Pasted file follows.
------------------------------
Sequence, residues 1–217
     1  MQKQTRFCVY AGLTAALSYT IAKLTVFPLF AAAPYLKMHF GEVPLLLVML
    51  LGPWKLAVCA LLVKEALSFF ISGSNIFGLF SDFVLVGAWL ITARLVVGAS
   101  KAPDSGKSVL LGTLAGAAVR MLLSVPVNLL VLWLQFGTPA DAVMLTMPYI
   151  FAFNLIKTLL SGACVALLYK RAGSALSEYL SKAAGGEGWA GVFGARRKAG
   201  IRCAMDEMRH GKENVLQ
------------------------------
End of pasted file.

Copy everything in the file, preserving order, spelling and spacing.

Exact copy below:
Sequence, residues 1–217
     1  MQKQTRFCVY AGLTAALSYT IAKLTVFPLF AAAPYLKMHF GEVPLLLVML
    51  LGPWKLAVCA LLVKEALSFF ISGSNIFGLF SDFVLVGAWL ITARLVVGAS
   101  KAPDSGKSVL LGTLAGAAVR MLLSVPVNLL VLWLQFGTPA DAVMLTMPYI
   151  FAFNLIKTLL SGACVALLYK RAGSALSEYL SKAAGGEGWA GVFGARRKAG
   201  IRCAMDEMRH GKENVLQ